Checking off all the boxes
There are few essential ingredients required for a sports car to deliver a truly magical driving experience: a responsive engine, a well-calibrated transmission and a finely-tuned chassis. And these ingredients must meld together in perfect harmony.
The M2 has all the ingredients, and they work together flawlessly.
First off, the heart of the M2 is a new engine. The inline-6 twin-turbo unit delivers 405 hp between 5,230 and 7,000 RPM. The bloc is derived from the one found in the M3 and M4. As for torque, the car gets 406 lb-ft of it, available between 2,350 and 5,230 RPM.
Other than that very impressive output, it’s the linearity of its delivery, constant through the range, that is truly jaw-dropping. Imagine a buffet table on which sit all your favourite meals; you can revisit the table as often as you want, and the food never runs out.
The M2 comes with either of two transmissions. A duel-clutch automatic gives slightly quicker 0-60-mph acceleration time – a few specks over 4 seconds. With the six-speed manual gearbox, that inches up to 4.2 seconds.
For having test-driven both, two words come to mind: impeccable work. Each serves the model flawlessly, but let’s be clear on one thing: for the fantasy to really work at its finest, the manual is the one to go with. Quite simply, the clutch offered excellent feedback and the lever stroke is both short and precise.
I get the feeling that trying to improve on it would be a futile endeavour.
I’ll spare you most of the technicalities here, but suffice to say that BMW’s engineers have chosen a set of components that dance a beautiful choreographed ballet together. The front suspension strut, for example, comes from the M3 and M4. It helps with making the front-end structure stiffer and the steering more precise. It also happens to be made of carbon-fibre and weighs all of 3.3 lb.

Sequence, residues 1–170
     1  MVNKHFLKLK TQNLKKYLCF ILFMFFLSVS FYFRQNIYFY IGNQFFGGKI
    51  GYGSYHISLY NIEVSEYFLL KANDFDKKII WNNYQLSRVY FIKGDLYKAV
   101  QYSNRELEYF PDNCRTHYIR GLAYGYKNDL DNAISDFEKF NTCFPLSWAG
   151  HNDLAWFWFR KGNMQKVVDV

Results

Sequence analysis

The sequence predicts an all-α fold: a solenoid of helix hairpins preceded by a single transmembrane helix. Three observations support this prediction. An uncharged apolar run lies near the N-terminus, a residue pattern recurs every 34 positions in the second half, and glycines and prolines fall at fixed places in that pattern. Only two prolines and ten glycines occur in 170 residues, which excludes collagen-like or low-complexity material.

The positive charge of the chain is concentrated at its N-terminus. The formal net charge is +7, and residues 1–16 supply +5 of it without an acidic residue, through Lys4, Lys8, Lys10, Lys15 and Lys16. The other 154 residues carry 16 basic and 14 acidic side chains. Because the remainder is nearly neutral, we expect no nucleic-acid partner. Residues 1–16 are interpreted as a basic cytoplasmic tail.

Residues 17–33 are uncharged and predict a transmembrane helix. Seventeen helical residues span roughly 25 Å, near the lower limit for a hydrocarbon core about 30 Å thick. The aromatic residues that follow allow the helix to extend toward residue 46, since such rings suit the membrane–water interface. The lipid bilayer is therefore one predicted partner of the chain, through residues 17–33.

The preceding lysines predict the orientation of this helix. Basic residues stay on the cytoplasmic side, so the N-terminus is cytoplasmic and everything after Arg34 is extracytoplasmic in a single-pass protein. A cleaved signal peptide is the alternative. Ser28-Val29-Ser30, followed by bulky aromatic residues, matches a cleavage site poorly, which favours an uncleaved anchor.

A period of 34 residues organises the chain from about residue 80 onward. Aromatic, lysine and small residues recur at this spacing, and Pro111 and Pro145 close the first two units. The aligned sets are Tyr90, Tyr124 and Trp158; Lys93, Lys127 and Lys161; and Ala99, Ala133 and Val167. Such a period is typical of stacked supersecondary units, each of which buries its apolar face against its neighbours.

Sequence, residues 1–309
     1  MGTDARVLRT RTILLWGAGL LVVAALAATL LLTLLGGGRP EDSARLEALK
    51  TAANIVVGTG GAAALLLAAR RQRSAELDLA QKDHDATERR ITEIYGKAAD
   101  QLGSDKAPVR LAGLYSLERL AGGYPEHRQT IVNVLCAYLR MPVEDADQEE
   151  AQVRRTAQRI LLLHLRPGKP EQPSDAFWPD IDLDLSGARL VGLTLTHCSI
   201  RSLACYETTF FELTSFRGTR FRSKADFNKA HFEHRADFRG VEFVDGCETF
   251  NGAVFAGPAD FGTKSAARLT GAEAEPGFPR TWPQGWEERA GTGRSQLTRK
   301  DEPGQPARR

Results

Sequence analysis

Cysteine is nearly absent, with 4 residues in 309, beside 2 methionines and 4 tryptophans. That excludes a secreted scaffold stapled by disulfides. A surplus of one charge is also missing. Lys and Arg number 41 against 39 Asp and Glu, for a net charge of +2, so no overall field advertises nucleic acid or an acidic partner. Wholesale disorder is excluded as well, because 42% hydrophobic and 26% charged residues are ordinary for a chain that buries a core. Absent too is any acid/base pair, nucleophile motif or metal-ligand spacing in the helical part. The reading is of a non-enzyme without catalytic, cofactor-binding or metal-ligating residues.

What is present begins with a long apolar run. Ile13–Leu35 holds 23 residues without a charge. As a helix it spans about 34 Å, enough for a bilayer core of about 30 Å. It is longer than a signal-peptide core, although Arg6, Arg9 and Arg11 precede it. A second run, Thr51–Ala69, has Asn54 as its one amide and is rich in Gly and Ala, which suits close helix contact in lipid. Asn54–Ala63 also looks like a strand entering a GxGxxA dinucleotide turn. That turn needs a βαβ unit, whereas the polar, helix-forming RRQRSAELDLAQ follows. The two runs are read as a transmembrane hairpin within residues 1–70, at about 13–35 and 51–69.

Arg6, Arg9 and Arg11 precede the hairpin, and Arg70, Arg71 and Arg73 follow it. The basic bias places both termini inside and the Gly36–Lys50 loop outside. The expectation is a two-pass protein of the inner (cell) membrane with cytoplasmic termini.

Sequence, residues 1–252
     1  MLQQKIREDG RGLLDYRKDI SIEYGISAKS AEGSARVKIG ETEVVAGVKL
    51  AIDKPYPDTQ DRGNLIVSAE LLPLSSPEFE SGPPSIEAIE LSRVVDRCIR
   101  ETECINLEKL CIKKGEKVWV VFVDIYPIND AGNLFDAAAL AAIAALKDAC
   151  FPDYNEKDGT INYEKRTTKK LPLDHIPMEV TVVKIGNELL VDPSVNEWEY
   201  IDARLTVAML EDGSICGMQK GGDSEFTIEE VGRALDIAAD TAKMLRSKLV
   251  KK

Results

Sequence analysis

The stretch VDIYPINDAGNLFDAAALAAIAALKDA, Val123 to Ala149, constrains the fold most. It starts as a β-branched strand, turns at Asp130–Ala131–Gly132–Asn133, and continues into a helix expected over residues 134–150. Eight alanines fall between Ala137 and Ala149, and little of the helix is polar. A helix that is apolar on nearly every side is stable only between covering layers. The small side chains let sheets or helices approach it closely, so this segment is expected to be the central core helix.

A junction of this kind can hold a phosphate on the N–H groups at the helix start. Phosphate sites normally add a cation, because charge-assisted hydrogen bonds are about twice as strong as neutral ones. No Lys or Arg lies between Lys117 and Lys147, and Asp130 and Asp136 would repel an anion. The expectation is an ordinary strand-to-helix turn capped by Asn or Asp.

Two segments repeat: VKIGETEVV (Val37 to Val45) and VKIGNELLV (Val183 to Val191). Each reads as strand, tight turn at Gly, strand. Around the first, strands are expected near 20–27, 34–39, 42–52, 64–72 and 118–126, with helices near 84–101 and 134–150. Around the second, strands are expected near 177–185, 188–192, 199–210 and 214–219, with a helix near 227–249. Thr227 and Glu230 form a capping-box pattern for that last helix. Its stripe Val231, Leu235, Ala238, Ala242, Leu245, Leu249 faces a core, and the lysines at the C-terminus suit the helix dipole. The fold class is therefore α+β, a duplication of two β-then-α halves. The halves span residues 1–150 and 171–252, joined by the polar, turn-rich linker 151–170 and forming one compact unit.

The aluminum used for the front and rear axles is also borrowed from the M3 and M4. Ball joints able to tolerate a lot more abuse help manage the transversal forces and they ensure an optimal positioning of each wheel in all situations.
A quick mention of the brakes is also in order. The six-piston calipers in front and four-piston units in back guarantee capable stops, almost enough in fact to reintroduce you to the lunch you just had.
I could go on. Already though, you get an idea of the seriousness with which BMW approached the design of the chassis.
It’s simple: every moment spent at the wheel is a joy. The M2 meets every expectation one might have of a model like this. Check out this video that gives you a taste of what it was like to take it around the track at BMW’S performance centre.
The BMW M2 Competition’s target audience is driving purists. You can get it with a full set of equipment, or not, but that’s secondary. What matters with a car like this is the adrenaline it conjures up.
In that respect, it’s a success from A to Z.
There is the matter of the price tag – starting price is $71,750 – as well as BMW’s sometimes iffy reputation for reliability. Although, things seem to be looking up in that regard. J.D. Power’s recent updated ranking of brand dependability shows the German automaker moving upwards on the list.
So there’s hope there. In any case, with the M2, more than anything there’s emotion.
And that’s priceless.